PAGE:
About the book:
Scotland’s landscape holds stories, many written in stone. Rough rocks by the seashore, Neolithic monuments protruding from a sheep pasture, crumbled nineteenth century ruins in an isolated glen; all speak to the long and often troubled relationship between humans and the world around them. Through a series of essays this narrative explores what the stones reveal to a wanderer from another country, both the connections that bind us to the earth and the separations that we have created. Within this larger meditation lies a more personal journey towards a middle ground — a community that encompasses both the human and the non-human.
Excerpts from Stories of Stone for a Woman of Wood
From Chapter One, Stone-walled Garden
“I dug in my heels, returning again and again to that place crowning the UK, reading books and articles and hundreds of pages of the country’s history. I talked with and interviewed those who lived there, and always embraced the land’s archive, those stories of stone writ large in the earth. What I found was an understanding of a bigger picture; Scotland’s history – from standing stone to Clearances, from community buyouts to cabbage gardens – is much larger than one country’s story. Scotland lies caught between Europe and the Atlantic, a small country entangled in empires, enmeshed in European conflict, impacted by cultural movements, and occupied by people of the land and colonizers alike. This small country’s narrative encompasses humanity’s cultural shifts and in that, it illuminates our changing relationship to the land.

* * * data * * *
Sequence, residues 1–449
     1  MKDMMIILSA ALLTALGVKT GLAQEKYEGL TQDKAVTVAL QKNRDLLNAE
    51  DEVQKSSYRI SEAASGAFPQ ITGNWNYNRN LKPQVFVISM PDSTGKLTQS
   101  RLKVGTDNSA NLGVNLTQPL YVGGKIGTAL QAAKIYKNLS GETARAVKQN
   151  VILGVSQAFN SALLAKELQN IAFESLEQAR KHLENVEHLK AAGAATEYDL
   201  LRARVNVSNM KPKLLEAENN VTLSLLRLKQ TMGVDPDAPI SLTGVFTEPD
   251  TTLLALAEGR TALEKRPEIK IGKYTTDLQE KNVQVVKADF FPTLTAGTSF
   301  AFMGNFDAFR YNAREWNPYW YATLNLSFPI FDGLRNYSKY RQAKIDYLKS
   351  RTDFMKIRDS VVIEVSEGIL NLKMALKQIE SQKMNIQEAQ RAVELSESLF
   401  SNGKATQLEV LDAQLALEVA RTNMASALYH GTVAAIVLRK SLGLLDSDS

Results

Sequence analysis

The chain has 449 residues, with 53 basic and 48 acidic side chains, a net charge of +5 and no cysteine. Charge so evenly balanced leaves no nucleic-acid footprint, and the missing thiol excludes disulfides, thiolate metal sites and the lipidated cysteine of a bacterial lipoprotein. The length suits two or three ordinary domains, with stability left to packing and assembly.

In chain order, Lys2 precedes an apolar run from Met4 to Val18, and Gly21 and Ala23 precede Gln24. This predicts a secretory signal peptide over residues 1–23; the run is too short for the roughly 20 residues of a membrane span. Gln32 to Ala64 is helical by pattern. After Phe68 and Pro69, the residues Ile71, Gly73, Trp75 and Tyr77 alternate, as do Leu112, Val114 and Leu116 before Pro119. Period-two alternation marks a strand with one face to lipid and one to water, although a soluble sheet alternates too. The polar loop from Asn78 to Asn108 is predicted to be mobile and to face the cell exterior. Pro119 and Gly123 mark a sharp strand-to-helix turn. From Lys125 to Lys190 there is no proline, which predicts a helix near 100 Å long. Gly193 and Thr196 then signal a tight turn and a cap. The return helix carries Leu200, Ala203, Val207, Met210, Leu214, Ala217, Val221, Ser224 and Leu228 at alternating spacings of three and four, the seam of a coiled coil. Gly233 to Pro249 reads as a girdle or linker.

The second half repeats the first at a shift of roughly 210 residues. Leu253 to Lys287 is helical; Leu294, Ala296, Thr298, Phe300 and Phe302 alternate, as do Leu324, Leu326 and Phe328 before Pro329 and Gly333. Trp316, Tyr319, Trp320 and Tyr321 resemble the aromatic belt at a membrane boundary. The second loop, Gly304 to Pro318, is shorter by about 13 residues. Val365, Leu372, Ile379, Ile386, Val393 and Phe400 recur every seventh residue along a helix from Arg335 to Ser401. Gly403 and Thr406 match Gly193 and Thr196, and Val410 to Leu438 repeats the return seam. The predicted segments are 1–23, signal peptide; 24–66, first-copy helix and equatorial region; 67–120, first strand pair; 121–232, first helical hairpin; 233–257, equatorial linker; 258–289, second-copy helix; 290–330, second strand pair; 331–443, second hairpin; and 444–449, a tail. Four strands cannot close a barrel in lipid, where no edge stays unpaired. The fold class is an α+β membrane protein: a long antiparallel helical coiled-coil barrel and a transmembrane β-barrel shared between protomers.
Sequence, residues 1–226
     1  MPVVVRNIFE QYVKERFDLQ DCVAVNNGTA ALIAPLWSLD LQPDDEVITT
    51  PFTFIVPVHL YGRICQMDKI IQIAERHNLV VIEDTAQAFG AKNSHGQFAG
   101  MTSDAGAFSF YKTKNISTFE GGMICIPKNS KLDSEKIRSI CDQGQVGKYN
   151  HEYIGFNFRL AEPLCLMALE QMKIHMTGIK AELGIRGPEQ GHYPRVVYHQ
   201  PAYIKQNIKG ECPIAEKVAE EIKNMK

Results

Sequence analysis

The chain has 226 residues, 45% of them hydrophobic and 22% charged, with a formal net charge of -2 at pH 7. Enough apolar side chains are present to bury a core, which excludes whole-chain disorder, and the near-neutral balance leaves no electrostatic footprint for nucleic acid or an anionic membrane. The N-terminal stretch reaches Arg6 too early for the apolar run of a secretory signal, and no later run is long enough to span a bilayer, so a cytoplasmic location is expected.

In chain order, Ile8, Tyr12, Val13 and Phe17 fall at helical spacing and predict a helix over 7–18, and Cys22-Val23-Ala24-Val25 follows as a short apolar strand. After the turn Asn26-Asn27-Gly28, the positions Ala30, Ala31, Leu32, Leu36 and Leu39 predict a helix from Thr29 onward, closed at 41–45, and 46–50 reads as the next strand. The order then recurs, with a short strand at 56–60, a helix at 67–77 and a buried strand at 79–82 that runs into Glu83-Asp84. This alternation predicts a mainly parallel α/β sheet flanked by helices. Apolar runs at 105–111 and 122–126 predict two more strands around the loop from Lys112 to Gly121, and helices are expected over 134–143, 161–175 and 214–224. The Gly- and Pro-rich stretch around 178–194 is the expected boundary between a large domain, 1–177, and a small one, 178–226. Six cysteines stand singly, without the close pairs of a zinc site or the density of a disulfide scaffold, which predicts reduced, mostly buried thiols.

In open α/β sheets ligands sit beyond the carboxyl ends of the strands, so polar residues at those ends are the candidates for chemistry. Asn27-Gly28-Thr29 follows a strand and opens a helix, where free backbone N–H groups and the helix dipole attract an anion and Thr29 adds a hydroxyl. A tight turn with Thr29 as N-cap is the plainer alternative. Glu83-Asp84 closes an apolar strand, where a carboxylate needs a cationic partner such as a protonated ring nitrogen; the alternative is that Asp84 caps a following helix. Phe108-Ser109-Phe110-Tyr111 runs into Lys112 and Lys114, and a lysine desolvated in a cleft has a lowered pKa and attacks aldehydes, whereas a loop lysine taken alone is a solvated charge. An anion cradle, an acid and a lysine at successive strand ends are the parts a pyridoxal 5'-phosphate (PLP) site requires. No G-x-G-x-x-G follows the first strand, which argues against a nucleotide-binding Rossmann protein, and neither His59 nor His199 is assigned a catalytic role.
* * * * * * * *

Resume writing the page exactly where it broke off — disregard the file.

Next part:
What am I doing here? still echoes through my journals, as this is not a well-defined quest – but I went to Scotland to better understand the questions raised through my life in the American West; I went to understand something about the way in which humans interact not only physically but also philosophically with the land, a relationship that has been shifting throughout the centuries, since even before the stones were stood on end in enigmatic circles thousands of years ago.”
Chapter Two, Taynish: Stone by the Sea
The Otters of Taynish
“The otters swam their way back within sight, occasionally pausing to fish. Their path brought them towards shore. To shore. Mother and cub moved onto the rocky land where I sat. They seemed to know of my presence; she looked right at me, although I was as still as the stone I sat on. They didn’t seem to mind that I was there. The larger otter groomed herself, nuzzled the cub. They walked in their hump-hump otter gait across the rocky shore, their watery grace compromised on the earth’s surface. They poked noses into crevices, sniffed pieces of shore debris, all the while talking with each other in muted voices. They perhaps had come to shore for a bit of a rest, a grooming, a sun bath. Replenished, the sleek mustellids slipped back like returning waves into their watery element, leaving me land-locked, watching the ballet all around — watching otter waves turn to sea waves, all mixed together as the two made their way outward toward that blue-gray point where sea meets sky.”